U.S. Governors Convene to Discuss Conservation (Great Events from History II: Ecology and the Environment Series)
Article abstract: President Theodore Roosevelt invited the nation’s governors and other dignitaries to Washington, D.C., for the nation’s first major conference on conservation issues.
Summary of Event
On May 13, 1908, the first U.S. conference devoted to conservation issues convened in Washington, D.C. The Conference on the Conservation of Natural Resources, often called the Governors’ Conference, was summoned by President Theodore Roosevelt and organized by his conservation advisers. The governors of all the states and numerous other dignitaries were invited to the conference, which lasted three days and led to a broad agreement on principles as well as a proposed course of action.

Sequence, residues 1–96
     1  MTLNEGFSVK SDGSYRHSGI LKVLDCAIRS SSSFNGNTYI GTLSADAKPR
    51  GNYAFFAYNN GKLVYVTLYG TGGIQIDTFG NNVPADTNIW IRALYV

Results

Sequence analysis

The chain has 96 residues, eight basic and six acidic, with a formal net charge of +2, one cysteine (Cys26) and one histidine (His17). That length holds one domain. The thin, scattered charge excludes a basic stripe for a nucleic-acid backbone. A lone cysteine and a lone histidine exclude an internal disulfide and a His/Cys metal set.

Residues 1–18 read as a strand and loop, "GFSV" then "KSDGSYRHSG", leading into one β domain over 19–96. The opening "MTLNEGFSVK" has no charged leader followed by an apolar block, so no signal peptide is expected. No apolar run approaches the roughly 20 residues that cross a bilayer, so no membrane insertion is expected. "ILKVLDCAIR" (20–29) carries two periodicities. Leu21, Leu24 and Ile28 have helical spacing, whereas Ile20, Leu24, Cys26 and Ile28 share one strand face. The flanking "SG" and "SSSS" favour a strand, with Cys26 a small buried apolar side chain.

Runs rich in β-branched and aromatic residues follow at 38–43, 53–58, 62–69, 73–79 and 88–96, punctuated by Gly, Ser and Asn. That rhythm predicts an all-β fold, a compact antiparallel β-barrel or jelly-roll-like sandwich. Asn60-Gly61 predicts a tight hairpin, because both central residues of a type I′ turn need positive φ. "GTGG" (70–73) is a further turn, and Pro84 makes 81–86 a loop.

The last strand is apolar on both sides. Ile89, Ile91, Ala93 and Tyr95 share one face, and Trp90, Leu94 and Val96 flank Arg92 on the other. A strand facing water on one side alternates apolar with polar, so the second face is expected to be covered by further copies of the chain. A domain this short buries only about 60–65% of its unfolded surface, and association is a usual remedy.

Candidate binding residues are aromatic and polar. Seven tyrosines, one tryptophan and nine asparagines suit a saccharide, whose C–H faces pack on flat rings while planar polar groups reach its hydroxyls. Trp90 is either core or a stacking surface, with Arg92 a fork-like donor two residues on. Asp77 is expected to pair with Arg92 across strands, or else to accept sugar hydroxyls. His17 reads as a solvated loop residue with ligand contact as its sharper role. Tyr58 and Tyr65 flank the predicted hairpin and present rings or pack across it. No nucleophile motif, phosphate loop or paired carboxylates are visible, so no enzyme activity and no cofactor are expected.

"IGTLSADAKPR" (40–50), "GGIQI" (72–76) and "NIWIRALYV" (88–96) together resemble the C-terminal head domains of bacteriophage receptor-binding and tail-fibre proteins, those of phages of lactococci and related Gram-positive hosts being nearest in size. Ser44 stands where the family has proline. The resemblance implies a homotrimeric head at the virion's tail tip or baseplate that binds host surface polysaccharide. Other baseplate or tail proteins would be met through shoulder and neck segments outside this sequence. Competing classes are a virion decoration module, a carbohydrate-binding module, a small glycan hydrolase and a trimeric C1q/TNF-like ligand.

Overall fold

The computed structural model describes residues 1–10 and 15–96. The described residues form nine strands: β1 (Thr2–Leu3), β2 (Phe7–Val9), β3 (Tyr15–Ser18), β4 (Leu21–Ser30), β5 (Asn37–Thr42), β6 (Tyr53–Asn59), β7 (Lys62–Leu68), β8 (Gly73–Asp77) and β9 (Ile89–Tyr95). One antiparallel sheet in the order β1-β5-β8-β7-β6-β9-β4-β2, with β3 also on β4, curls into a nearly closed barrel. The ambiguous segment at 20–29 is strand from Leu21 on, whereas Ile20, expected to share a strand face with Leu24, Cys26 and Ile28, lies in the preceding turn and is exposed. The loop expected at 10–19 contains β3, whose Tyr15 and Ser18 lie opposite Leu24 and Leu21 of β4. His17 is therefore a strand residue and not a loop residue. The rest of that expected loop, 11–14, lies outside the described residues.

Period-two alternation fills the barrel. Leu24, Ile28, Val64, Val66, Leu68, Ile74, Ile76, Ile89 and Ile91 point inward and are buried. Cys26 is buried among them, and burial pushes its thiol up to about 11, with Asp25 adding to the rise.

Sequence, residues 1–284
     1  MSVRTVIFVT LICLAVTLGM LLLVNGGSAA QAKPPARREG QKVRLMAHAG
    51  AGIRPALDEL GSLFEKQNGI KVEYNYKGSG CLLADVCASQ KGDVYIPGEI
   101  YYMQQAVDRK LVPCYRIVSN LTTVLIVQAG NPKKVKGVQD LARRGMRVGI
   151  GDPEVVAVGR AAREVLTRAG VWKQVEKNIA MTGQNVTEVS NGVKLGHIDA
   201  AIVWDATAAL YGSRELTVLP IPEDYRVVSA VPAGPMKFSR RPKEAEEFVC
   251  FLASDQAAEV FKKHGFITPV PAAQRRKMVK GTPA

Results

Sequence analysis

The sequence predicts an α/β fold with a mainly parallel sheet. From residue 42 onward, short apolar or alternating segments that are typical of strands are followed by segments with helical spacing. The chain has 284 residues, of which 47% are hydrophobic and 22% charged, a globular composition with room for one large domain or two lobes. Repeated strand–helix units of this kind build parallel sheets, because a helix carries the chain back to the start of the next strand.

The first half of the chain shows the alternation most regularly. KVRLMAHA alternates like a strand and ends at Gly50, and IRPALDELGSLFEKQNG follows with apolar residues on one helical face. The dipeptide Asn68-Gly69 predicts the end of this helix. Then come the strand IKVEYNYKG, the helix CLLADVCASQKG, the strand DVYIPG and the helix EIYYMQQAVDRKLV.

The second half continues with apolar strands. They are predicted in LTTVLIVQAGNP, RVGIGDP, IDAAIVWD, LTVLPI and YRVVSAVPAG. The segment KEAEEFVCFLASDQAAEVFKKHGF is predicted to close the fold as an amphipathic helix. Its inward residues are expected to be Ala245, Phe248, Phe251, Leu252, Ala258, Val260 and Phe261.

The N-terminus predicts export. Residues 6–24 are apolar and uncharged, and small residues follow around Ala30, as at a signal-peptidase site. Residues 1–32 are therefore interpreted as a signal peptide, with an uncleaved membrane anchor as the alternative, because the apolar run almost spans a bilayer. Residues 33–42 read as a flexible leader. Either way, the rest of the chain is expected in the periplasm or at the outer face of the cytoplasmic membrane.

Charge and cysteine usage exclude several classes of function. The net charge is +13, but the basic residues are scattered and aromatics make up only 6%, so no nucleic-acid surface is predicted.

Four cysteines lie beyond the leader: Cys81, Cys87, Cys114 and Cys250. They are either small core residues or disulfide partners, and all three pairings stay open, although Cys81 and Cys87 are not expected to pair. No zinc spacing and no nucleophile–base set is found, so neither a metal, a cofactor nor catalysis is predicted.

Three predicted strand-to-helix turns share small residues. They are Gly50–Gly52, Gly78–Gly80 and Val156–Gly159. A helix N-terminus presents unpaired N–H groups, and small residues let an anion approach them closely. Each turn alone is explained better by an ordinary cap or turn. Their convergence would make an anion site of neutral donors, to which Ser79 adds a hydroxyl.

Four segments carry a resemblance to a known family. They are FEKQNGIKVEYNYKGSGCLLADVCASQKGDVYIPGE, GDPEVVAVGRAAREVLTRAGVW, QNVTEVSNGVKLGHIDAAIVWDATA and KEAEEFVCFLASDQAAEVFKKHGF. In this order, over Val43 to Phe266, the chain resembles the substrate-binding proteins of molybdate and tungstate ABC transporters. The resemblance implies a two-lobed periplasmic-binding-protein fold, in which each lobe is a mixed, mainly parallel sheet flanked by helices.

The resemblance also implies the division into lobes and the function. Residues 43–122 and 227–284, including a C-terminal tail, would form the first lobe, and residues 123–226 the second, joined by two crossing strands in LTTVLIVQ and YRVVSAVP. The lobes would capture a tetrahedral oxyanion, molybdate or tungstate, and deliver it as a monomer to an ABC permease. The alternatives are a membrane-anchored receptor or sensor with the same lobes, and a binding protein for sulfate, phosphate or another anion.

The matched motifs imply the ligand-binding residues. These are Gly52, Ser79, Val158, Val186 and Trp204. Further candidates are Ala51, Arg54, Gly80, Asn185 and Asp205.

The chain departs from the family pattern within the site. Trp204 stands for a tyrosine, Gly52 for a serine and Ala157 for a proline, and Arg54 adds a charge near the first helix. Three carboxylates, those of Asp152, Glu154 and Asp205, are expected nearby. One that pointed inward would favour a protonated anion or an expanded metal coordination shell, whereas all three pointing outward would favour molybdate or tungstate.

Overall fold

Roosevelt had become president in 1901, coinciding with the broad reform movement called Progressivism. Roosevelt, a Republican, was the nation’s first Progressive president. Conservation of the nation’s natural resources soon became a cornerstone of the new administration. By Roosevelt’s second term, however, considerable opposition to his conservation program had developed in Congress, which imposed limitations on portions of the president’s policies. Some congressmen demanded that the country’s resources be left in the hands of the individual states. Others objected to the executive direction and domination of conservation policies, an approach that bypassed Congress and stretched federal laws beyond what...
(The entire section is 2270 words.)
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